Thursday, September 30, 2010
The 44-year old father of three who was due to perform earlier that day at ‘The New York Recovery Rally,’ [...]
Pioneer, 88, 'paved the way for the new generation of American directors,' writer/director Paul Schrader says.
By Kara Warner
Revolutionary theater, television and film director Arthur Penn died Tuesday at his home in New York City, just one day after celebrating his 88th birthday. The The New York Times reports that the director, perhaps most well-known for 1967's "Bonnie and Clyde," passed away from congestive heart failure.
The Times calls Penn "a pioneering director of live television drama in the 1950s and a Broadway powerhouse in the 1960s," and praises his ability to develop an "intimate, spontaneous and physically oriented method of directing actors that allowed their work to register across a range of mediums."
Penn was born on September 27, 1922, in Philadelphia. He began his career in television and made a name for himself in 1957 with the production of "The Miracle Worker," adapted from the stage for television on CBS' "Playhouse 90," for which he earned an Emmy nomination.
Two years later, Penn took "The Miracle Worker" to Broadway, and he and star Anne Bancroft were awarded Tonys. In 1962, he directed the feature-film version with Bancroft, who went on to win the Oscar for Best Actress, alongside a young Patty Duke, who picked up a statue for Best Supporting Actress.
Penn also advised then-Senator John F. Kennedy during his debates with Richard Nixon in 1960 and directed the broadcast of the third debate.
All of these events led up to his most memorable work, directing Warren Beatty and Faye Dunaway in "Bonnie and Clyde."
"Arthur Penn brought the sensibility of '60s European art films to American movies," writer/director Paul Schrader told The New York Times. "He paved the way for the new generation of American directors who came out of film schools."
Penn continued to work in film, television and theater with some of the biggest and brightest names in the business, though none of those projects reached the level of critical mass as "Bonnie and Clyde" had done. His last theatrically released film was the apartheid drama "Inside," in 1996. Penn served as an executive producer on several episodes of "Law and Order" in his later years, followed by one of his final theatrical productions, "Fortune's Fool," which earned Tonys for Alan Bates and Frank Langella in 2002.
Penn is survived by his wife of 54 years, Peggy Maurer, a son, Matthew, a daughter, Molly, and four grandsons.
Share your well-wishes for Penn's family in the comments.
Pop star's figurine collection, due in December, will sing and re-create looks from videos like 'Baby' — signature 'do included.
By James Dinh
Move over, Barbie, there's a new doll in town. Justin Bieber has cemented his pop-star status with a line of dolls set to hit stores in December. The line of collectible figurines will feature the Biebs decked out in a variety of looks borrowed from his music-video and red-carpet appearances.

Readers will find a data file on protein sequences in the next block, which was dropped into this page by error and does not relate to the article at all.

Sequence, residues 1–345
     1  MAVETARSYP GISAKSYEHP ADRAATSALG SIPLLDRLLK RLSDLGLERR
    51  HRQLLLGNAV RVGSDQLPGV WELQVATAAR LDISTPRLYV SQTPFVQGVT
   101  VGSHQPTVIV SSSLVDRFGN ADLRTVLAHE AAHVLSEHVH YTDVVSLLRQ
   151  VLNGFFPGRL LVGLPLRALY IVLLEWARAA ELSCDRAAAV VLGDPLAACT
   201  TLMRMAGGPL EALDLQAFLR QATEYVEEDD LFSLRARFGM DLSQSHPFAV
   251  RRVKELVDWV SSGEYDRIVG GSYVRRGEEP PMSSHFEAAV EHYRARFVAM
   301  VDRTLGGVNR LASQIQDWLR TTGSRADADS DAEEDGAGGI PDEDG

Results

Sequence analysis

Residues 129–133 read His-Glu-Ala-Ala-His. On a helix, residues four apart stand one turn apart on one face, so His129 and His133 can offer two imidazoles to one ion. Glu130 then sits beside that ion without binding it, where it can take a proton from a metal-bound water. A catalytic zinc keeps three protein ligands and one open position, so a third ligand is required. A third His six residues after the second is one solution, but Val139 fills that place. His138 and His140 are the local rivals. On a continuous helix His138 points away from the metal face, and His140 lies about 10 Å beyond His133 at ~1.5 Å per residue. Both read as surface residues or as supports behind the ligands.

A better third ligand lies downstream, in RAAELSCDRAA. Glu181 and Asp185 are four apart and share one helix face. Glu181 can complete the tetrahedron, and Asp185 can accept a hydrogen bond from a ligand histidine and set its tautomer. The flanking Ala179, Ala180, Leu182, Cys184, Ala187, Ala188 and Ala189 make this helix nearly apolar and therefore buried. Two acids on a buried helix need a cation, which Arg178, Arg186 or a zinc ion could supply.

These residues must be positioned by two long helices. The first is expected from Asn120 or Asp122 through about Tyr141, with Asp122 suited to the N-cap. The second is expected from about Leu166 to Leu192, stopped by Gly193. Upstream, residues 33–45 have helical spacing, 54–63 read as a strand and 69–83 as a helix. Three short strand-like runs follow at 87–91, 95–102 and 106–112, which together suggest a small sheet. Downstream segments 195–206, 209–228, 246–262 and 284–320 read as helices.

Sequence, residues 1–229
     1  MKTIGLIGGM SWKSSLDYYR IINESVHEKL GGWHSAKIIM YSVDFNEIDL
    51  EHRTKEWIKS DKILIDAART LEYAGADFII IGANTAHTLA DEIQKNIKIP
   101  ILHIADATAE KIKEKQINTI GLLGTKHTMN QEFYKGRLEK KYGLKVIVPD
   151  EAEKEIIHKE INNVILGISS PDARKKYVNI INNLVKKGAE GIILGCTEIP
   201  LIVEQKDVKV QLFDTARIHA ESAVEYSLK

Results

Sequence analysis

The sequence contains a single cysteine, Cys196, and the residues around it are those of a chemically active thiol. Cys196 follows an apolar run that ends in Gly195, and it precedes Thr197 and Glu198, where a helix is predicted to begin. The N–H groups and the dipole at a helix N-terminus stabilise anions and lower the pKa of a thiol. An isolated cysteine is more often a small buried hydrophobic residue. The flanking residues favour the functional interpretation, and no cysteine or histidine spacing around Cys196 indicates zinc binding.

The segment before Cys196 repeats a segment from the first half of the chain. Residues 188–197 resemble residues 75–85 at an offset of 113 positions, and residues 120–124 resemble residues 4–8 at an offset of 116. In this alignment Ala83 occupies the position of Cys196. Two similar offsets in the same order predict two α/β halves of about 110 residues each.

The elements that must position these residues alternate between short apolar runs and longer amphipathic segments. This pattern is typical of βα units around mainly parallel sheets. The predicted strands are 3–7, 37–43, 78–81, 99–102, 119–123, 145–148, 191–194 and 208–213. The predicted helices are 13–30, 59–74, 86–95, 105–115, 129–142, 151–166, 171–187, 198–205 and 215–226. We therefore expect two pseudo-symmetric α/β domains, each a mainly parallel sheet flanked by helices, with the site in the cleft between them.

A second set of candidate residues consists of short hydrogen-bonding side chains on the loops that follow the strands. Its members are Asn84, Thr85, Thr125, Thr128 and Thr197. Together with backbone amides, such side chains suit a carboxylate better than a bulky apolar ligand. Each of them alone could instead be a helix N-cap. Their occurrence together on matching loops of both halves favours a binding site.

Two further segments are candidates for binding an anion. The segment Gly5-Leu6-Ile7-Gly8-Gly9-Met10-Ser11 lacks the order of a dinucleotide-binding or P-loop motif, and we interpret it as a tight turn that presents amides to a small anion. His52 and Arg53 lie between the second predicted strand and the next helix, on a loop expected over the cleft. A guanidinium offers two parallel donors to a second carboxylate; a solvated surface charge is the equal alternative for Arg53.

Merchandise company Bravado and the Bridge Direct Inc. announced Tuesday (September 28) that fans will be able to purchase the toys in time for the holiday season as they're expected to hit retail stores "on or around" December 4, according to Billboard magazine.
One set, the Justin Bieber Music Video Collection Singing Figures, plays 30-second snippets of the pop star's hits, like "Baby" and "One Less Lonely Girl." The musical dolls are priced at $27.99. Another set, priced at $17.99, is called the JB Style Collection and has the teen sensation flashing his street style or sporting some looks familiar to fans from awards shows and red-carpet events. (The toys are available for pre-order this week.)
One figurine shows Bieber holding a guitar and wearing the green hoodie and jeans from his "One Less Lonely Girl" video. But it doesn't stop at dolls: The Bieber toy line will include a microphone with concert-like sound effects that play snippets of his hits "One Time" and "Somebody to Love." Beliebers can also choose from plush bears, caps and "Team Bieber" tees.
The next chapter in the expanding Bieber empire will be the publication in October of his first book, "Justin Bieber: First Step 2 Forever: My Story." In a statement, Justin said he was excited for fans to catch a behind-the-scenes glimpse of his life.
"Every day I wake up and count my blessings. My fans have played such a large part in all of this and they help me live my dreams every day. I'm excited to share just a little bit more of my world with them through this book. Between the behind-the-scenes pictures and the story I think this is going to be something they can all enjoy. This is just another way for me to say thank you to my fans."
Will you be the first to buy a Justin doll? Tell us in the comments!Related Photos
Wednesday, September 29, 2010
In a recent interview, KStew insists that her parents pushed her to become a [...]